I think the discussion of whether patriarchal oppression is based on hate is not very useful. Regardless of what you feel, your actions can be hateful.

  • berpberp

    Because it’s so much more complex than that. Oppression is a system and everyone is involved. Of course white men have white privilege and male privilege, but that doesn’t mean they are all to blame, because it’s far more complex than that. We are all to blame, because we are all complicit in the system which continues to give them power. Please read the Johnson’s “Patriarchy” article, which I posted above. The system is responsible. If we blame the actions of individuals, how do we seek change? If you truly believe individuals are at fault, then you are dismissing the fact that this discrimination is institutionalized in our society. That’s one of the reasons the Civil Rights Act of 1965 was so important, it was one of the first times where people were understanding that discrimination is not just a few “lone racists” or a few “lone misogynists”, but that society as a whole and as an institution was discriminating against people.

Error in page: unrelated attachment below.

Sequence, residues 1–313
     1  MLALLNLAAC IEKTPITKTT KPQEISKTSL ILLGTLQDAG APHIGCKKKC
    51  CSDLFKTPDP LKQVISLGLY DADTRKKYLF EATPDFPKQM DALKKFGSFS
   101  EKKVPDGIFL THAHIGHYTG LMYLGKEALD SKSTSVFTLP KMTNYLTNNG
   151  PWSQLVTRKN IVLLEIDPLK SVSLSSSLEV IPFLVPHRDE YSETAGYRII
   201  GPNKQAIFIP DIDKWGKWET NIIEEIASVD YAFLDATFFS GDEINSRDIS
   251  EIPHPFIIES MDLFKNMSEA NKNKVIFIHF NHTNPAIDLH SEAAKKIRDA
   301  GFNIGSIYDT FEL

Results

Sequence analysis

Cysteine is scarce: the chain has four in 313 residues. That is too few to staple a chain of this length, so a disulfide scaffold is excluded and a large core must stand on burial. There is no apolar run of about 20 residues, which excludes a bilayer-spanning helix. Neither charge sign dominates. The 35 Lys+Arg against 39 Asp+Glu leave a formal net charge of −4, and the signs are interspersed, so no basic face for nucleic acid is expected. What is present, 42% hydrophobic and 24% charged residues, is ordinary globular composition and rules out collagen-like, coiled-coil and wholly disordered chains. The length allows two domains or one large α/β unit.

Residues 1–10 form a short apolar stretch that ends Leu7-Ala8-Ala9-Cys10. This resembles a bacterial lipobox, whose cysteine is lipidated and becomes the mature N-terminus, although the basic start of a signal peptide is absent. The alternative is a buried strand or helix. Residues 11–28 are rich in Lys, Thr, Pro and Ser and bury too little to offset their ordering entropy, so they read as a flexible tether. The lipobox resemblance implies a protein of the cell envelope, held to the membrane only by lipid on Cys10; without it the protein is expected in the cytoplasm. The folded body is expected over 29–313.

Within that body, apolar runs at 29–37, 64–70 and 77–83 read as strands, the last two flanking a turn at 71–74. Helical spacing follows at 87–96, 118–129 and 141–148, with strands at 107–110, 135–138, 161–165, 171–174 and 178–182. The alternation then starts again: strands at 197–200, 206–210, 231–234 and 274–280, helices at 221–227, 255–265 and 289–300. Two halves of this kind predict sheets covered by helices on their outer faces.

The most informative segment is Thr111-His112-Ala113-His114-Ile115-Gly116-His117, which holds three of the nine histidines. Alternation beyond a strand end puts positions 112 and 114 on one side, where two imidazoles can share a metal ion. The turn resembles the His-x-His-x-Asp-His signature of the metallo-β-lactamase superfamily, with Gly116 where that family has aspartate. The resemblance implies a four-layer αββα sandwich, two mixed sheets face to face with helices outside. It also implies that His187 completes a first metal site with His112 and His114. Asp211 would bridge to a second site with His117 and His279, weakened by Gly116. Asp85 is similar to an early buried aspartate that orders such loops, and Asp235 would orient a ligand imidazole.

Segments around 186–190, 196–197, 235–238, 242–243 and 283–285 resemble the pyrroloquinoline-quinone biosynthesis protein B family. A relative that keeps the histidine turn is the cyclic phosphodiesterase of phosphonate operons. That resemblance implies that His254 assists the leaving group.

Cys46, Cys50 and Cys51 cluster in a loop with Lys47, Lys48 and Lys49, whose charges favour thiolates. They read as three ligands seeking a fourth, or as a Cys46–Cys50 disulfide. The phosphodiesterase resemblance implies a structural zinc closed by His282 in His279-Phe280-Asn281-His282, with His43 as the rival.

I’m not saying we don’t talk about it. I’m saying we ensure that the discourse and language being used is at it’s highest level and is accurate (doesn’t use Orientalist stereotypes) so that real change can take place.

  • TopTurtle

    I’ll check out your article when I have a chance, but I think you’re oversimplifying the other way. It’s true that all men aren’t responsible for gender inequality and it’s also true that patriarchy is societal. That doesn’t mean specific men aren’t to blame. Who is leading the war against women in the US? Men.